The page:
Look, I know I was a little rough. And, yes, I bashed my friends in the mutual fund industry. Did I expect a few angry emails? Of course, but not this.

Feeling a little lost?
A few months back, I proposed a little experiment I thought you'd enjoy. It was a bogus mutual fund made up of just three stocks, each bought in January 1990 and sold 10 years later.

For my three stocks, I chose consumer electronics retailer Best Buy (NYSE: BBY) and old-school technology outfits Texas Instruments (NYSE: TXN) and Hewlett-Packard (NYSE: HPQ). But as you're about to see, any number of former highfliers could have done the trick.

The idea was to show how a modest $10,000 investment could have ballooned to $422,563 in just 10 short years. But that wasn't the surprising part. For more details, check out "Don't Invest Another Penny." Just be sure to come back, because this is where it gets good.

You see, there was a catch. Over the years, you'd have paid your mutual fund manager some $20,000 in fees, and surrendered nearly $58,000 in lost profits (money you could have earned on those fees, but didn't). Instead of $422,000, you'd be sitting on ... well, a lot less.

So you hate me, right?
Of course you do, but I thought you'd take the funds' side. I thought you'd point out that nobody could pick just those three stocks, much less time the market so perfectly.

In other words, I thought you'd say that my $78,000 blood money was a gross exaggeration. I thought wrong.

Apparently, you're OK with me comparing the fund industry to an IRS on steroids. In fact, some of you think I'm understating the case -- trivializing the real cost to you as an investor, at least on a percentage basis.

And guess what? You're right. John Bogle, the founder of Vanguard Funds, makes the case bluntly in his book, The Battle for the Soul of Capitalism. Bogle shows how you don't need blowout returns (like in my three-stock example) to make the case against mutual funds ... you need time. Here's why.

Beware the "tyranny of compounding"
As it turns out, financial "intermediation" costs would have eaten up just 19% of your total returns ($78,000 out of $412,562) in my example. That sounded like a lot to me, but apparently not to Bogle -- nor to some of you, either. In fact, for most of us, it will be worse.

For one thing, you won't be making 4,126% every 10 years, like in my bogus example. That's because for every stock rocket like Yahoo! (Nasdaq: YHOO) that your fund catches for a quick 10-bagger, it'll surf an E*TRADE (Nasdaq: ETFC) for a 90% plunge (yes, I know it's coming back). But mostly, it'll bounce between IBM (NYSE: IBM) and Pfizer (NYSE: PFE), and other widely held stocks.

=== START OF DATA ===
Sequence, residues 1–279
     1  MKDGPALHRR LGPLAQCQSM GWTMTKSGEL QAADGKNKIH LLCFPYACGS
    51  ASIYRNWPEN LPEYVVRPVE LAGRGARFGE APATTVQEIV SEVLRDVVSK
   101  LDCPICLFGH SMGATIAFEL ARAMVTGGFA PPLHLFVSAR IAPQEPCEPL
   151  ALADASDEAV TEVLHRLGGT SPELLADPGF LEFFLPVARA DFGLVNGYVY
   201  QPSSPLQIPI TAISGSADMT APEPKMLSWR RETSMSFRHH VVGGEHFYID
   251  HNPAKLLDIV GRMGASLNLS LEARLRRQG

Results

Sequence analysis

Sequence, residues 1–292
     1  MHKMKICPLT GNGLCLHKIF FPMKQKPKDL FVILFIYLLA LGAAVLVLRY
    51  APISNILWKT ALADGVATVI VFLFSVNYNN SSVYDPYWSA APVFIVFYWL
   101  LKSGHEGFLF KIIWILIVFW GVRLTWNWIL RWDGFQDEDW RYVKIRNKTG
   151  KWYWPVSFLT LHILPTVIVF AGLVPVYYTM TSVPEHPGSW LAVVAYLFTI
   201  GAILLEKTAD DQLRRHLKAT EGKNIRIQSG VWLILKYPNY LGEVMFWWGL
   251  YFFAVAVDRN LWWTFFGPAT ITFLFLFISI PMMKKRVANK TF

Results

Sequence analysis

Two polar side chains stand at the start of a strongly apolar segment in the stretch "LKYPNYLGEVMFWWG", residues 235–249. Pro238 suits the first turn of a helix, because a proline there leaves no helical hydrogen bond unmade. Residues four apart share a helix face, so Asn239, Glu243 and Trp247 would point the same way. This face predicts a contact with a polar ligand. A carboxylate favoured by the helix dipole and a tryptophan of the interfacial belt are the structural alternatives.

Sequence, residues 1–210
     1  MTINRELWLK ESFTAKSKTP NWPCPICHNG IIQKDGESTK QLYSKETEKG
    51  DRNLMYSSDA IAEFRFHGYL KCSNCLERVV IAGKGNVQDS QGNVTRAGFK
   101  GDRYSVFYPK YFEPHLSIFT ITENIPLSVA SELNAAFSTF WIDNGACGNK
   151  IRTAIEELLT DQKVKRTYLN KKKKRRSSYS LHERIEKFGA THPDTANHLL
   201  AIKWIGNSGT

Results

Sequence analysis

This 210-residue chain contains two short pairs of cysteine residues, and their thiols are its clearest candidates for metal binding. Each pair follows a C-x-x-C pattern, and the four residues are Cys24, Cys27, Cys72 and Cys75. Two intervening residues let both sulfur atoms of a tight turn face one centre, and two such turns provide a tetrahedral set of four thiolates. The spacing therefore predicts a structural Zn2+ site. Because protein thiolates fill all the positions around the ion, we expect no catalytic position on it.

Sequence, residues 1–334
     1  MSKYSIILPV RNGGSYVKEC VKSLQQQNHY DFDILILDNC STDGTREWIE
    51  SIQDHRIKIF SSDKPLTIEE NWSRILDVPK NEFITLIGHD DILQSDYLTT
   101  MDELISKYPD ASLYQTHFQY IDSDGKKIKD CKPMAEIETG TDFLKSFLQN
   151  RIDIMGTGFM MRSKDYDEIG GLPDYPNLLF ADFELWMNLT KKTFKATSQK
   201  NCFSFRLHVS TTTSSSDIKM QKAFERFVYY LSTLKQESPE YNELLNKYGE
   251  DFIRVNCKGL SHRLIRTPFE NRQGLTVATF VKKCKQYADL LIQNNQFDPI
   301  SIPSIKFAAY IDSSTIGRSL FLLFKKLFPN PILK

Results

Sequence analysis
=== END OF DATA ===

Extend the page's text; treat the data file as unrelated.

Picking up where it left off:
And even when your fund manager does catch lightning in a bottle, he or she will buy and sell too often, and at the wrong times. That's why Vanguard's Bogle thinks you'll earn less than "average" -- 8.5% per year by his estimate. Plus, you won't invest for 10 years, but more likely 25, 30, or even 45 years or more. Brace yourself, because this thing really gets ugly.

That'll be 80% off the top, sir
According to Bogle, if you invest for 45 years at his expected market return of 8.5% per year, "intermediation" costs can steal as much as 80% of your rightful profits. You read that right. Not a mere 19%, like in my ridiculous little scenario, but as much as a full 80%. Ouch.

For one thing, Bogle uses a more aggressive 2.5% for intermediation costs. That's because he goes beyond reported "management fees" and includes taxes, transactions, and timing costs. And given that Bogle founded Vanguard, the most trusted mutual fund company in the world, I'm inclined to believe him.

More importantly, Bogle realizes that the more realistic your returns, the more deadly that 2.5% becomes, especially when compounded over the years. In other words, costs kill when your portfolio keeps doubling every six months. But when it doubles every 10 years or so, costs can really wipe you out.

What you can do about it
Frankly, I don't share Bogle's outlook for stocks. I think we'll do better from here, even after the rally no one saw coming. But even if we make three times as much as Bogle expects, we'll still fork over well more than $100,000 in intermediation costs every 20 years.

If you resent that, here's a solution a lot of folks are considering: Start managing your own investments. You don't have to jump in all at once, and you don't have to dump all your funds right away. But you can see how important it is that you give it some thought. Even so, you will need a few great stocks to get started -- and a little support.

Here's an easy solution. Give Motley Fool Stock Advisor a look. Every month, you get the two top recommendations from Motley Fool co-founders David and Tom Gardner, and it's free for 30 days. (In the spirit of full disclosure, Stock Advisor has returned 13.8% annually since inception, at time when the S&P 500 has been flat. I can hardly believe that number myself.)

Of course, there's no pressure to join -- and if you do decide to stay on after your trial, it sure as heck won't cost you $100,000. These are interesting times for investors. If you never considered checking Stock Advisor out -- and wondered what all the fuss is about -- now may be the time to find out. To learn more about this special free trial, click here.

This article was originally published Sept. 29, 2006. It has been updated.

Paul Elliott owns shares of Pfizer, which is an Inside Value recommendation. Best Buy is a Stock Advisor and Inside Value pick. Pfizer is an Inside Value recommendation. The Fool owns shares of Best Buy. You can view the entire Stock Advisor scorecard with your free trial. The Fool has a disclosure policy.